More precise figures are available, however, for the number of Medicaid beneficiaries enrolled in various types of managed care arrangements. The passage of the Omnibus Budget Reconciliation Act of 1981 made it legal for states to apply to the Health Care Financing Administration (HCFA) for permission to enroll Medicaid eligibles in managed care. Since that time, when approximately 200,000 Medicaid beneficiaries joined HMOs, enrollment has soared such that, by mid-1992, 3.6 million Medicaid-eligible individuals were enrolled not only in staff, group, and network type HMOs of all varieties, but also in health insuring organizations (similar to county-sponsored IPAs), and in capitated and fee-for-service case management plans (see Figure 2).15 Some 36 states now have managed care plans as part of their Medicaid programs.16
The number of Medicaid enrollees in managed care should increase substantially again in the next three to five years following the recent announcements that California and New York will each phase 50% of their Medicaid populations into managed care over that period.16,17 These are the states with the largest Medicaid programs, and their actions, if successful, will add about three million enrollees to the ranks of Medicaid managed care. Many states, such as Arizona, Kentucky, Ohio, and Wisconsin, have mandatory enrollment programs which require Medicaid beneficiaries to join managed care arrangements either throughout the state or in several urban areas. Other states under voluntary enrollment programs contract with managed care providers so that Medicaid beneficiaries may choose managed care plans.18
Far and away the largest fraction of managed care–enrolled Medicaid beneficiaries are women and children who qualify for Medicaid by receiving Aid to Families with Dependent Children (AFDC). In some states, the only group for whom enrollment is mandatory or even possible is AFDC recipients. Many women qualify for Medicaid only when they become pregnant and then join an HMO or other type of managed care arrangement. Indeed the bulk of the data available on how children and pregnant women fare in managed care comes from Medicaid AFDC managed care programs.Hypothesized Effects of Managed Care
Many claims, positive and negative, are made about managed care; however, which of these hypothesized effects are, in fact, realized remains to be determined empirically. Among the advantages of managed care, purchaser savings are regarded as a primary benefit.19 Such cost savings are supposed to derive in large measure from reductions in unnecessary inpatient hospital and emergency room use, and reductions in the use of ancillary medical services.20 Increased quality of care, greater receipt of preventive care, and improved continuity of care also are often cited as potential benefits resulting from the introduction of managed care.18 It has been suggested in the literature that capitation and other types of payment incentives may bring about these desirable changes.19 Organizations that participate in capitated arrangements have a strong incentive to minimize costs and may do so by delivering only care that is truly necessary. For the same reason, it is hypothesized that utilization of those preventive services which reduce the likelihood of expensive debilitating illness should be greater in managed care plans. The incentives to increase preventive care may, however, be counterbalanced by the recognition that a plan's investment in prevention will pay off only if enrollees remain in the plan for many years. High disenrollment rates and frequent plan switching will dampen the returns to and hence the incentives for preventive services. Table 3 presents a summary of the hypothesized effects of different types of managed care plans on health services utilization and costs.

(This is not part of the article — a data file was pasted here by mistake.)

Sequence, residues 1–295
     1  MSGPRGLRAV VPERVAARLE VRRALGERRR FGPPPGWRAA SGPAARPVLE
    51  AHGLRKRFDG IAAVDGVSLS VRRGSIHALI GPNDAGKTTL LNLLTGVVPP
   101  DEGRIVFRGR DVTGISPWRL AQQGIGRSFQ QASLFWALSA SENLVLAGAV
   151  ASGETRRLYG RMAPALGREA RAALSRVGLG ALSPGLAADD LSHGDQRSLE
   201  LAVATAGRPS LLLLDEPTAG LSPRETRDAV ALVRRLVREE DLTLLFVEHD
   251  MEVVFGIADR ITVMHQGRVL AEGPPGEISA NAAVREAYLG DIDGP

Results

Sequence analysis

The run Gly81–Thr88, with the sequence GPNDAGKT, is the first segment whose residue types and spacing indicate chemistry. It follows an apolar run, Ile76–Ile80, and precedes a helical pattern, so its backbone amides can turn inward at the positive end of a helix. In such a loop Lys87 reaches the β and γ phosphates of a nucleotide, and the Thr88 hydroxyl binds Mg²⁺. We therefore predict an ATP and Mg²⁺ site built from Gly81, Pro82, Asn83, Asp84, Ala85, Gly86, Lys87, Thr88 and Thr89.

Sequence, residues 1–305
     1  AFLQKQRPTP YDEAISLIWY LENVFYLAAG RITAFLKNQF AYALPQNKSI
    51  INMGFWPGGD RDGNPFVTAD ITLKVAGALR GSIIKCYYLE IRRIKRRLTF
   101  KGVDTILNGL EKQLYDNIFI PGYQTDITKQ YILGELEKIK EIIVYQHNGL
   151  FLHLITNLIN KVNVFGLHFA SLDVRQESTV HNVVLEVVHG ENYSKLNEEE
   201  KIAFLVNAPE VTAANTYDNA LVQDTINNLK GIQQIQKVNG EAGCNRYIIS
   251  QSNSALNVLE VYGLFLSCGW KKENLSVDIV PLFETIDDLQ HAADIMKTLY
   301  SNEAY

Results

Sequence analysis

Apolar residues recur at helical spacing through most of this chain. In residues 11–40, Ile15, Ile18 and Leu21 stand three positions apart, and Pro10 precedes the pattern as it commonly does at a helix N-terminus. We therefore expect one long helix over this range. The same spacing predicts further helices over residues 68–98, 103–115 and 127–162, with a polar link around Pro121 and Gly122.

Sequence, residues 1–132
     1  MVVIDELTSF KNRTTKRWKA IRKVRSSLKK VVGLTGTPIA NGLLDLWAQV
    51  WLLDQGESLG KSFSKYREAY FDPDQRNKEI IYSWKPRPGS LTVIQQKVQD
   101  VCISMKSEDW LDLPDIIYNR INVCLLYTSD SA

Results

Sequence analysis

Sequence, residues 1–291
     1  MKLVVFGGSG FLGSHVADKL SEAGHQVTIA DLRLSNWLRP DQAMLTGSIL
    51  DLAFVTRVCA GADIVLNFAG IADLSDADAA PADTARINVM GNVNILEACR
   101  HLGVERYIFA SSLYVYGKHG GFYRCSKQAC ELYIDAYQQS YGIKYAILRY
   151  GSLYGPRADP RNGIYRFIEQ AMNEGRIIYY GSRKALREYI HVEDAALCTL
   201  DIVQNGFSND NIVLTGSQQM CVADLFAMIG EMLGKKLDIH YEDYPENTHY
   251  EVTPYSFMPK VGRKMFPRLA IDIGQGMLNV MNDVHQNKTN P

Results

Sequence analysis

Because physicians manage access to the health care system, physician behavior is key to the success of managed care plans. There are, however, so many different ways in which physicians are compensated in managed care organizations that it is difficult to make generalizations about the effects of payment incentives on their behavior.21 As a result, there are few if any studies which permit a full understanding of whether there are differences in the extent of cost savings or changes in utilization according to the ways physicians are remunerated.22
Managed care plans also differ in other domains, including factors that can affect costs, utilization, and health outcomes. For example, increases in preventive care, an aspect of health care thought to be particularly important for children, may result because physicians in managed care plans are encouraged to prescribe such care more often. In addition, managed care plans also frequently reduce patients' out-of-pocket payments for these services in comparison to fee-for-service arrangements, and this change in the incentives patients face should, in and of itself, also lead to increased use of preventive services. Changes in utilization patterns may also reflect greater access to primary care in some managed care plans. Increased care may also result from the treatment of unmet needs by primary care physicians or from greater recognition of these health problems in some managed care plans.
Negative effects of managed care are also quite possible. These are of particular concern for vulnerable populations. For example, plans with strong incentives to reduce utilization might limit services needed by children and pregnant women whose medical care may be difficult or costly to deliver. Special concern is raised because primary care physicians who are at risk financially may face disincentives to refer their chronically ill patients to specialists, to rehabilitation, or to extended psychiatric care and the like. The restrictive features of some managed care plans may make it more difficult to find the appropriate services and may necessitate breaking existing provider relationships. Because only a small proportion of children enrolled in a typical managed care plan are likely to need a substantial amount of expensive specialty services, it is possible for managed care plans to satisfy most enrollees while underserving those whose needs are greatest.